Reproductive trade-offs in a specialized plant/pollinator system involving Asplundia uncinata Harling (Cyclanthaceae) and a derelomine flower weevil (Coleoptera: Curculionidae)

Research output: Contribution to journalArticle

6 Scopus citations

Abstract

The reproductive interactions of a specialized plant/pollinator system involving Asplundia uncinata Harling (Cyclanthaceae) and a derelomine flower weevil (Coleoptera: Curculionidae: Derelomini) were studied at La Selva, Costa Rica. The inflorescences of A. uncinata exhibit a suite of cantharophilous characters including a precisely synchronized anthesis, protogyny, thermogenesis, olfactory attraction of visitors via modified staminodes, and narrow interfloral entrances. The weevil pollinators use the inflorescences for feeding, mating, and oviposition. The larvae are detritivorous and develop either in the detaching staminate flowers or, at a more favorable rate, in the rotting infructescences. The rate of infructescence abortion was high and caused by low levels of pollination. Manual pollination treatments yielded significantly higher seed counts than obtained under natural conditions, and furthermore demonstrated the inflorescences' ability to reproduce via geitonogamy. In the longer term, the reproductive benefits of maintaining low levels of pollination may shift away from the weevils and towards the plants via an increase in the size of the pollinator population.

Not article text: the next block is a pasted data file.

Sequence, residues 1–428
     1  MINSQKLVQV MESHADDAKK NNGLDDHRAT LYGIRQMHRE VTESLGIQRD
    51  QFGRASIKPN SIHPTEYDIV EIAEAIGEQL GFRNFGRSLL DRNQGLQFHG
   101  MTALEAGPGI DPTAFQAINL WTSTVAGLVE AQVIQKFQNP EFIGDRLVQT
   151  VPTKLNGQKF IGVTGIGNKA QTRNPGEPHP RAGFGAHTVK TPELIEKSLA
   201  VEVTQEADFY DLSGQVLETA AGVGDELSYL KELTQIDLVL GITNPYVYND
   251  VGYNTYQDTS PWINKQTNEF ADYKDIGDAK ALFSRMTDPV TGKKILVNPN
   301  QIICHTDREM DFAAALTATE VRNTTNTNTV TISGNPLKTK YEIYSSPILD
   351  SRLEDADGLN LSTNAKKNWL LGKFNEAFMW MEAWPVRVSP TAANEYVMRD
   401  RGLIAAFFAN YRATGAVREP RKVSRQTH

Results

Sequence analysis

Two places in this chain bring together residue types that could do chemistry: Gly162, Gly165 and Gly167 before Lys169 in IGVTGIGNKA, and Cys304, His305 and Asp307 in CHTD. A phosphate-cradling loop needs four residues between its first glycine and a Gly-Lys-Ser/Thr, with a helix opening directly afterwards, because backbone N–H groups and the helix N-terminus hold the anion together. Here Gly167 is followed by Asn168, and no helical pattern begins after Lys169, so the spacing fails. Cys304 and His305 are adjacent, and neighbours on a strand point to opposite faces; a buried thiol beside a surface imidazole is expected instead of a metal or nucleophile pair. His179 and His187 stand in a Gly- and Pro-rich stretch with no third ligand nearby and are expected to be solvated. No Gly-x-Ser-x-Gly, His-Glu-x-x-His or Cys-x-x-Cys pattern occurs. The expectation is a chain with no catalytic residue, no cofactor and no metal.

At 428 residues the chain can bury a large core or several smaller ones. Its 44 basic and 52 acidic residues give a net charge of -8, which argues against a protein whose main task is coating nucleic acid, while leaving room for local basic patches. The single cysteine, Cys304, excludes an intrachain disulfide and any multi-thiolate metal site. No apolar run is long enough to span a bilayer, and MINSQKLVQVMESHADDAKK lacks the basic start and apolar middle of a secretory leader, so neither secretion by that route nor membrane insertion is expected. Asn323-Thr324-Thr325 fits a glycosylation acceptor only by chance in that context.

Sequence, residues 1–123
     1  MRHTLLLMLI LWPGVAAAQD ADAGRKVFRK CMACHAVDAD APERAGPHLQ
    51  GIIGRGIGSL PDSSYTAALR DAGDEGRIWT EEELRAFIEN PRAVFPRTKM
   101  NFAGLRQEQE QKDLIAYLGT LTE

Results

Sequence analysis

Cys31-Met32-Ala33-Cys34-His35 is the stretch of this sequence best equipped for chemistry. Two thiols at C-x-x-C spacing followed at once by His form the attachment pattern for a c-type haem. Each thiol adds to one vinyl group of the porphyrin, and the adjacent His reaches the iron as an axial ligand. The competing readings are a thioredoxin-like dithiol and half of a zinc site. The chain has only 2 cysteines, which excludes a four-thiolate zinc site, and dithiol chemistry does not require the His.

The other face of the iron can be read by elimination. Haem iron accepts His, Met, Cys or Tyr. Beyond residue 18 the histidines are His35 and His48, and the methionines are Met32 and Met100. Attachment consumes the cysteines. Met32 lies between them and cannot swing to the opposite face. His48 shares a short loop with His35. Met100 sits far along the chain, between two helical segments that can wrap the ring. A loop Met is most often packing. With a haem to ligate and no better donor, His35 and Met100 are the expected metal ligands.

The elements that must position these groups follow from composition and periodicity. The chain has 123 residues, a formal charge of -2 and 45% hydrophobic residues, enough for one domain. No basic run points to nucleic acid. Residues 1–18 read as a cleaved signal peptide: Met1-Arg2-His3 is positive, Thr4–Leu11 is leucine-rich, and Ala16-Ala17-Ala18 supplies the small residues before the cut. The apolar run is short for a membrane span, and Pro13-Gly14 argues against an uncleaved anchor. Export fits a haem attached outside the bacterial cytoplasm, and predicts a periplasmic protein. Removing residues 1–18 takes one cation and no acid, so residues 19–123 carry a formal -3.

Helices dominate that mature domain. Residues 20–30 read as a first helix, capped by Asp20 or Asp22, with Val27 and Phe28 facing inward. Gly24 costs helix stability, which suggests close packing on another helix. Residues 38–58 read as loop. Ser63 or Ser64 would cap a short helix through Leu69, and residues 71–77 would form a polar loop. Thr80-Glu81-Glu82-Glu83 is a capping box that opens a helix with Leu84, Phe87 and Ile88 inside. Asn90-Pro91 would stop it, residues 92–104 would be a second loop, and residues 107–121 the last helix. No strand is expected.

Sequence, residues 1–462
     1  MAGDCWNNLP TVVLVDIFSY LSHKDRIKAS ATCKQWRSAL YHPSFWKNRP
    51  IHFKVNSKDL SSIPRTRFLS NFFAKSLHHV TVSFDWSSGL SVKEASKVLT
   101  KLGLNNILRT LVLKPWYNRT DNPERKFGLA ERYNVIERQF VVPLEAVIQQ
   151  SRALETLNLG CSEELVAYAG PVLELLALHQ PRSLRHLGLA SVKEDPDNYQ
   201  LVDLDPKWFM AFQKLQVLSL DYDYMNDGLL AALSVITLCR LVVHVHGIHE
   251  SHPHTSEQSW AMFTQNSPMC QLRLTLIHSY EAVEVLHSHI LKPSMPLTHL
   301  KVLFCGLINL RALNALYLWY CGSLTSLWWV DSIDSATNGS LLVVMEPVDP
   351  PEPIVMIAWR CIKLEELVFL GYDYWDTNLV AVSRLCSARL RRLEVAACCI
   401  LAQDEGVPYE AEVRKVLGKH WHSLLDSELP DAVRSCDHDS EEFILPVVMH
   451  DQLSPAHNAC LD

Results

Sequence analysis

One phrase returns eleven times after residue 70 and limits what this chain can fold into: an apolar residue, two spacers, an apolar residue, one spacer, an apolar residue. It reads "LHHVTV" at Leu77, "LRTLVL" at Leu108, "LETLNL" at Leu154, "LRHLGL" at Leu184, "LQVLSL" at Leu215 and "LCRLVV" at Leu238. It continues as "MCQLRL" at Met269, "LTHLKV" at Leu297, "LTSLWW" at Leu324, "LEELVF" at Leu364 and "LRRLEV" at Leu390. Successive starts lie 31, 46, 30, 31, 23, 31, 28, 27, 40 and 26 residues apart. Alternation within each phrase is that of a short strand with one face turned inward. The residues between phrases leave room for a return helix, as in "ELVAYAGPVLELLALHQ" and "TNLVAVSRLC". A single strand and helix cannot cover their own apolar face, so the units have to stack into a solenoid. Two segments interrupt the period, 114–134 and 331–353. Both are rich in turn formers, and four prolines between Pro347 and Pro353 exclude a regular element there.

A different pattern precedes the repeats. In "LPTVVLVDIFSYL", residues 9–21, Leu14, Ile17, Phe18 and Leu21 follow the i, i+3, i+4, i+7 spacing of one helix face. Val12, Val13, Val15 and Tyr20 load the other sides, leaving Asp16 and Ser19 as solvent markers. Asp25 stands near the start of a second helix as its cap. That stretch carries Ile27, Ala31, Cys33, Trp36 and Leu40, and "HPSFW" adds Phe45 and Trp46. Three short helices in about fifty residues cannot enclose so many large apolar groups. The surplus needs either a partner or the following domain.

Original languageEnglish (US)
Pages (from-to)183-201
Number of pages19
JournalPlant Systematics and Evolution
Volume269
Issue number3-4
DOIs
StatePublished - Dec 1 2007
Externally publishedYes

Keywords

  • Aspundlia uncinata Harling
  • Cantharophily
  • Geitonogamy
  • Infructescence abortion
  • Plant/pollinator mutualism
  • Pollinator efficiency
  • Pollinator reproduction
  • Reproductive system

ASJC Scopus subject areas

  • Ecology, Evolution, Behavior and Systematics
  • Plant Science

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